Einstein was probably the greatest mind of the twentieth century, revolutionized physics, and his work is still producing new breakthroughs today. Michio Kaku recounts both his scientific contributions and something of his personal life in a completely engaging, entertaining way.
While Einstein was late in starting to talk, it's not true that he was a poor student in school. What he was, was a stubborn student. He had no interest in rote learning, which was the accepted pedagogic technique in Germany at the time. He would read, and think, and ask questions--and that mainly in the subjects he cared about.
Einstein's work on special relativity and general relativity changed our understanding of the universe and how it works. His struggles with quantum mechanics and his unsuccessful effort to create a unified field theory, a "theory of everything," have led some to say it would have been better for his reputation if he had not practiced physics for his last thirty years. Yet now, in the first decades of the twenty-first century, with advances in the technology available to study and test ideas, Einstein's work in the hands of a new generation of physicists and mathematicians is bearing new scientific fruit.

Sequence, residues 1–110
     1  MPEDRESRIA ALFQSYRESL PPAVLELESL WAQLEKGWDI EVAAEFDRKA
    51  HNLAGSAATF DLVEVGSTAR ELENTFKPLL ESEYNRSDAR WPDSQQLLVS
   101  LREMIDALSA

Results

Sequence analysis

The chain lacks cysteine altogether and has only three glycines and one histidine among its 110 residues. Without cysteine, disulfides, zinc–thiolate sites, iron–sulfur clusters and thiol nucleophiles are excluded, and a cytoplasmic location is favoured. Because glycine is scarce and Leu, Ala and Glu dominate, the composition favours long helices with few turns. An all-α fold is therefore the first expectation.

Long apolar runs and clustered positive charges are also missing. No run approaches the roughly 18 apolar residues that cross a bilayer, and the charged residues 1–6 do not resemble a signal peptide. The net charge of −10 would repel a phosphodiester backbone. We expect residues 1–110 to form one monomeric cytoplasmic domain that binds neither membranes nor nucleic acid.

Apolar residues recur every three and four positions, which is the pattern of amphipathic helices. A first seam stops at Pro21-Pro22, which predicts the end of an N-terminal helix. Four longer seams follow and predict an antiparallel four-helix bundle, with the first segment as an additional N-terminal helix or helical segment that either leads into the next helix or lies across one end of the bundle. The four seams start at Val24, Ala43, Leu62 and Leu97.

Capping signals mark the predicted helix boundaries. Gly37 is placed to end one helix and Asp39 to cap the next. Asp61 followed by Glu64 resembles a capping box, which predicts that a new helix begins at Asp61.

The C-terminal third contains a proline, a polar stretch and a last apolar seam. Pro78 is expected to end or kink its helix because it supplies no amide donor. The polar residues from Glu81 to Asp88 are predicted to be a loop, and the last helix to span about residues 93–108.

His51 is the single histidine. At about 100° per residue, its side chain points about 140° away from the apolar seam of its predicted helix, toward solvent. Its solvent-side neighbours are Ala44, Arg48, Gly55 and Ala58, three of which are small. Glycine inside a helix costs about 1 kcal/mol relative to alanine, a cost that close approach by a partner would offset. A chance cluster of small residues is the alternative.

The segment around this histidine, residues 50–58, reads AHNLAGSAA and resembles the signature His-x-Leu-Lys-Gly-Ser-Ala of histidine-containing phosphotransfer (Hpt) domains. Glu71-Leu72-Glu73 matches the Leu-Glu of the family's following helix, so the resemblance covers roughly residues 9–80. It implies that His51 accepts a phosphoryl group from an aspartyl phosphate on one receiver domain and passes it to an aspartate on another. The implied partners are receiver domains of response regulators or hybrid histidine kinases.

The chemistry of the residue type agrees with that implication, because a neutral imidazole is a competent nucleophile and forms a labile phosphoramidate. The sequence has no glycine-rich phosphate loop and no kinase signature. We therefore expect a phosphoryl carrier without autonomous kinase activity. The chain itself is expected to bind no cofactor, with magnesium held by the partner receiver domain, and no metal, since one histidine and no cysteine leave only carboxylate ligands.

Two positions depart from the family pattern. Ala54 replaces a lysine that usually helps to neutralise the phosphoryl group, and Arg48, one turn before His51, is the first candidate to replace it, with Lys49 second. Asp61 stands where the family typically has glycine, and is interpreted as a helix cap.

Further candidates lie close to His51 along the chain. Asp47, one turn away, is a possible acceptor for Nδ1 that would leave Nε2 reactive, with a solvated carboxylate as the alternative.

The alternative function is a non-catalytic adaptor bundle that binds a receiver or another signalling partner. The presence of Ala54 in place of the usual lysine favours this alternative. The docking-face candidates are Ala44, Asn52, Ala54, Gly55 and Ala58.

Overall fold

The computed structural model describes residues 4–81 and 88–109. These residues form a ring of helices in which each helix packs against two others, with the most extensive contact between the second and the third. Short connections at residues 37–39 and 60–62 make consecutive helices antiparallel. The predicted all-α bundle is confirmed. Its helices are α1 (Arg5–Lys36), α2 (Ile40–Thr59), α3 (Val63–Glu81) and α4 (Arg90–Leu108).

This is a fun, enjoyable read or listen, as well as educational.
I received a free copy of this audiobook from Audible in exchange for an honest review.